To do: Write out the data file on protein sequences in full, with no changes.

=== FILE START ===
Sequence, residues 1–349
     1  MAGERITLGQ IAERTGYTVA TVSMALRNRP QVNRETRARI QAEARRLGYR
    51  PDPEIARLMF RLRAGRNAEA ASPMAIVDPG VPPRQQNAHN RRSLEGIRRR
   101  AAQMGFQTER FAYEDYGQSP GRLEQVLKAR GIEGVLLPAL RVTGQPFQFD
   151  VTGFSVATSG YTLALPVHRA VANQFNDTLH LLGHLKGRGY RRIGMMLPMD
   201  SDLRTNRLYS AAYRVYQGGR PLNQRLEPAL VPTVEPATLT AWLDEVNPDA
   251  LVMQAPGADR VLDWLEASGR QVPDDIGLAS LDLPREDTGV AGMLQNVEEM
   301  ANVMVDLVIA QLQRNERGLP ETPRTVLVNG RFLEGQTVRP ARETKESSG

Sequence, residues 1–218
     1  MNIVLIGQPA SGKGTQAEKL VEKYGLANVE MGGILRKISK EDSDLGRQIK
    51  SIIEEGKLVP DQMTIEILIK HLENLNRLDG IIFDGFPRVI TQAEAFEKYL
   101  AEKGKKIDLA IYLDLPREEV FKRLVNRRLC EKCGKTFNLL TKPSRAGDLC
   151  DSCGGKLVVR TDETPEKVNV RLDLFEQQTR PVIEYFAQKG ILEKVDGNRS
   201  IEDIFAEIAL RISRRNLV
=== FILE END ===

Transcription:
Sequence, residues 1–349
     1  MAGERITLGQ IAERTGYTVA TVSMALRNRP QVNRETRARI QAEARRLGYR
    51  PDPEIARLMF RLRAGRNAEA ASPMAIVDPG VPPRQQNAHN RRSLEGIRRR
   101  AAQMGFQTER FAYEDYGQSP GRLEQVLKAR GIEGVLLPAL RVTGQPFQFD
   151  VTGFSVATSG YTLALPVHRA VANQFNDTLH LLGHLKGRGY RRIGMMLPMD
   201  SDLRTNRLYS AAYRVYQGGR PLNQRLEPAL VPTVEPATLT AWLDEVNPDA
   251  LVMQAPGADR VLDWLEASGR QVPDDIGLAS LDLPREDTGV AGMLQNVEEM
   301  ANVMVDLVIA QLQRNERGLP ETPRTVLVNG RFLEGQTVRP ARETKESSG

Sequence, residues 1–218
     1  MNIVLIGQPA SGKGTQAEKL VEKYGLANVE MGGILRKISK EDSDLGRQIK
    51  SIIEEGKLVP DQMTIEILIK HLENLNRLDG IIFDGFPRVI TQAEAFEKYL
   101  AEKGKKIDLA IYLDLPREEV FKRLVNRRLC EKCGKTFNLL TKPSRAGDLC
   151  DSCGGKLVVR TDETPEKVNV RLDLFEQQTR PVIEYFAQKG ILEKVDGNRS
   201  IEDIFAEIAL RISRRNLV